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According to WHO, one infected person can infect 1.4 – 2.5 susceptible people. The spread is harder to control because an infected person can transmit the disease even before they start showing any symptoms of ill-health.

  1. Scientists at John Hopkins Center for Health Security predicted that coronavirus could kill up to 65 million people.

 Three months before the outbreak in China, the scientists modeled a hypothetical pandemic on a computer as part of a research in October — their simulation predicted the deaths of some 65 million people worldwide in just 18 months.

The death toll of the coronavirus is currently at 106 after one month. This prediction becomes less convincing if you do the maths and that’s a good thing.

  1. WHO is yet to declare a Public Health Emergency of International Concern (PHEIC) for the pandemic.

 The WHO Director-General has twice met with members of its Emergency Committee. For the two meetings, the agreement has been that it is too early to declare a PHEIC for the Wuhan’s coronavirus.

Since the introduction of PHEIC in 2005, WHO has only declared it five times. The last time a PHEIC was announced was in 2019 after a fresh Ebola virus outbreak in Congo.

Ivory Coast is the first African country with a suspected case of the virus. Although authorities are yet to release an official statement to confirm if the student who arrived from China is infected with the virus.

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Other African countries have been warned to brace up for possible coronavirus cases. South Africa, Kenya and Nigeria have been on high alert. These countries have begun screening at entry points as a preventative measure. Ethiopia which has the continent’s biggest airline has been advised to take similar measures.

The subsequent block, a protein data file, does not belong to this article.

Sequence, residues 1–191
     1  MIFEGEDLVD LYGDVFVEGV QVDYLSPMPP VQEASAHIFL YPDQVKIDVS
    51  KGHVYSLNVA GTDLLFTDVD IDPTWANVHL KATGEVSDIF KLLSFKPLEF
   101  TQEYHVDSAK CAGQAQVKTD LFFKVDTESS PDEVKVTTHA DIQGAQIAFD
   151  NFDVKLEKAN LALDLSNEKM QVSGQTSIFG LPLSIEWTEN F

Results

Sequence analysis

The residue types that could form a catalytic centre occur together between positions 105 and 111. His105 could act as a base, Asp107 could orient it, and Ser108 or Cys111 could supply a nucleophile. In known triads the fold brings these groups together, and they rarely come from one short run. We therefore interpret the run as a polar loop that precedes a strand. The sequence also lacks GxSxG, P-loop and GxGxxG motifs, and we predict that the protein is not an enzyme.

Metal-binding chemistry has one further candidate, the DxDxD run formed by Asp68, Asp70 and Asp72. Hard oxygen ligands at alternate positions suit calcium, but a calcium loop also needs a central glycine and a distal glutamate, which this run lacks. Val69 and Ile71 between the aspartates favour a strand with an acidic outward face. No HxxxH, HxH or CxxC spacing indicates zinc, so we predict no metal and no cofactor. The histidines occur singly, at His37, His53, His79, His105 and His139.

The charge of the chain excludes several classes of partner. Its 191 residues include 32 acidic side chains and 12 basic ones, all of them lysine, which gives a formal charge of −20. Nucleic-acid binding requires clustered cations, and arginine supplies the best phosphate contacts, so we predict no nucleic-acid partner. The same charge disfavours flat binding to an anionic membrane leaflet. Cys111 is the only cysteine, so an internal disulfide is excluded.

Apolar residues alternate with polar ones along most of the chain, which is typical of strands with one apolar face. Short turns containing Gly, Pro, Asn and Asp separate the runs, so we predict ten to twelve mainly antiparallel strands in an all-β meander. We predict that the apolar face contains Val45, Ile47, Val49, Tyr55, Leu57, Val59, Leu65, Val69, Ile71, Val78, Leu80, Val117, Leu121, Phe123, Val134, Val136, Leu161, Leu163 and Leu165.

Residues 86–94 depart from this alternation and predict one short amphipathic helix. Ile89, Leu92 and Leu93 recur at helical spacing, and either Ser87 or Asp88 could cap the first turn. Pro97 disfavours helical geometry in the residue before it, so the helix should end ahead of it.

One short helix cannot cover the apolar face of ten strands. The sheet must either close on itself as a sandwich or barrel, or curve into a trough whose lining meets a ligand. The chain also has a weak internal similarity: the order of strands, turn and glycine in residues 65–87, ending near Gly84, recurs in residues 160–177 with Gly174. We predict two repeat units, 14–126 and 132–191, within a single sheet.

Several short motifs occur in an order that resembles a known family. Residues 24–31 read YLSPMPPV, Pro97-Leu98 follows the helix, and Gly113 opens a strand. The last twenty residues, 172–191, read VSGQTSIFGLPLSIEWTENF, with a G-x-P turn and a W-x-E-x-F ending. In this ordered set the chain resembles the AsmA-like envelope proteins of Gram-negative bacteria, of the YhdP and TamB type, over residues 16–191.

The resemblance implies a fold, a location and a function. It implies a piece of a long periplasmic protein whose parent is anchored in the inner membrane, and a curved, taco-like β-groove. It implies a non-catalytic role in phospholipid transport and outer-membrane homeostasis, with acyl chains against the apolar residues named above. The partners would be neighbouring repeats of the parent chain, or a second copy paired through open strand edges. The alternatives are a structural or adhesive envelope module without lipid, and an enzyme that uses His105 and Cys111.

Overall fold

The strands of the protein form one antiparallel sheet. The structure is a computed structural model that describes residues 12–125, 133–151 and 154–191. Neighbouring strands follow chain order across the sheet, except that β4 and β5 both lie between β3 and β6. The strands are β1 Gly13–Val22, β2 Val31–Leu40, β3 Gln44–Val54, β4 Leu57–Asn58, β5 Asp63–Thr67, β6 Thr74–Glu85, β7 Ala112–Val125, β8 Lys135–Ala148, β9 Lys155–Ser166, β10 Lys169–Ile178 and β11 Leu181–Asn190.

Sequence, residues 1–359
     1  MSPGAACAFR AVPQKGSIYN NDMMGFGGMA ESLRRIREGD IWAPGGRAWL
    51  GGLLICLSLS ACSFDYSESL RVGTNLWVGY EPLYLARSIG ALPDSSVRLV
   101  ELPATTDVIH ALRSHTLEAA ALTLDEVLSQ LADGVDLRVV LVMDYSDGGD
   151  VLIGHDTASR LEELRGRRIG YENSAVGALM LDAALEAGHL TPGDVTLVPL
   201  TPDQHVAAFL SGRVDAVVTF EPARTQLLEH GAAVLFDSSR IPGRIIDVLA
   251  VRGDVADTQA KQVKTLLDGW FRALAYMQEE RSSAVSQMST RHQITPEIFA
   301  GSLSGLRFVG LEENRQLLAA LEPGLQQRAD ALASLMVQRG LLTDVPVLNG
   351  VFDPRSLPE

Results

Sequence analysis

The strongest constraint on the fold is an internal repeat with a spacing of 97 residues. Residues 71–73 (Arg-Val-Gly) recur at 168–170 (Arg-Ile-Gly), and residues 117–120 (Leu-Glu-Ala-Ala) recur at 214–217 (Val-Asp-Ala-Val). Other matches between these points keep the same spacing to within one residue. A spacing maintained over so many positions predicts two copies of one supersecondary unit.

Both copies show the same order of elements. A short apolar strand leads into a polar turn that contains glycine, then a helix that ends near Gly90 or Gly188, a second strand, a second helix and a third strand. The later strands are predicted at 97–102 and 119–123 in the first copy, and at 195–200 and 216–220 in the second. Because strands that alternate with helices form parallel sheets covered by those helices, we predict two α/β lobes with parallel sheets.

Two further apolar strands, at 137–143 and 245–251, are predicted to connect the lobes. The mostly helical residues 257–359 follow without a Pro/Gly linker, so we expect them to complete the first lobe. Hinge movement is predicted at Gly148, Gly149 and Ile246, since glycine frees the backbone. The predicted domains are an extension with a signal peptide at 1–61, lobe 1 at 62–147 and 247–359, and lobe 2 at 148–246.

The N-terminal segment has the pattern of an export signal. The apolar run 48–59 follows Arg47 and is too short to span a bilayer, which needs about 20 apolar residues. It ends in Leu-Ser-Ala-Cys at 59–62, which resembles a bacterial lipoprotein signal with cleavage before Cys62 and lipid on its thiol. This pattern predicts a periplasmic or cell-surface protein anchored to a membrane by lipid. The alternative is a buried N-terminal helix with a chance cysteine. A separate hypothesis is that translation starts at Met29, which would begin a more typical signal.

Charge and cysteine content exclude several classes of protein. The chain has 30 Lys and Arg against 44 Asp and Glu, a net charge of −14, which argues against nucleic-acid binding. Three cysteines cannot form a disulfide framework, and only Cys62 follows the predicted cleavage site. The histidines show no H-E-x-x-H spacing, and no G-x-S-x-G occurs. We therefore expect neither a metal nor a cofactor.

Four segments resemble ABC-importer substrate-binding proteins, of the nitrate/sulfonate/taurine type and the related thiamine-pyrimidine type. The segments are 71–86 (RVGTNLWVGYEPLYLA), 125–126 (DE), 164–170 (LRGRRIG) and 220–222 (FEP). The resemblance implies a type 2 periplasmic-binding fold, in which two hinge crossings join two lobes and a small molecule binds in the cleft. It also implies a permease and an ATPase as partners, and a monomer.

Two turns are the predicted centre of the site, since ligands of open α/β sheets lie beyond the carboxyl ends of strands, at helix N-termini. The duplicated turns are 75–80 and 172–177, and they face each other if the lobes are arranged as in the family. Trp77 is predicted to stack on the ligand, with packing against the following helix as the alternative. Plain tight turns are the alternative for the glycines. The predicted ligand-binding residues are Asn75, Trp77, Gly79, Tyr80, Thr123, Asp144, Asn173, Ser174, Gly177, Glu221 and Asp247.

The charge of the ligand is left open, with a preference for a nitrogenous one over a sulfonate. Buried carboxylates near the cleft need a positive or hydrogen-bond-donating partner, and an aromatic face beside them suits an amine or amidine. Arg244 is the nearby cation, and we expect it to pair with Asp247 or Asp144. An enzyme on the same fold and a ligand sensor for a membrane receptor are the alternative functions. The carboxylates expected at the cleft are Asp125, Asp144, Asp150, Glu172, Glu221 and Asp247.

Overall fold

These are precautionary measures to reduce exposure and transmission of the virus:

  • Frequently wash hands with an alcohol-based hand rub or warm water and soap;
  • Cover your mouth and nose with a flexed elbow or tissue when sneezing or coughing;
  • Avoid close contact with anyone who has a fever or cough especially, if you live in a high risk area;
  • Seek early medical help if you have a fever, cough and difficulty breathing. Also, share your travel history with healthcare providers;
  • Avoid direct, unprotected contact with live animals and surfaces in contact with animals when visiting live markets in affected areas;
  • Avoid eating raw or undercooked animal products and exercise care when handling raw meat, milk or animal organs to avoid cross-contamination with uncooked foods

This article is current at the time of publication. However, information about this virus is still inconclusive and subject to changes as scientists continue to make more discoveries. To stay informed on recent developments concerning the virus, follow daily news updates on it. News agencies like Healthline The Guardian and The CNN release updates multiple time during the day.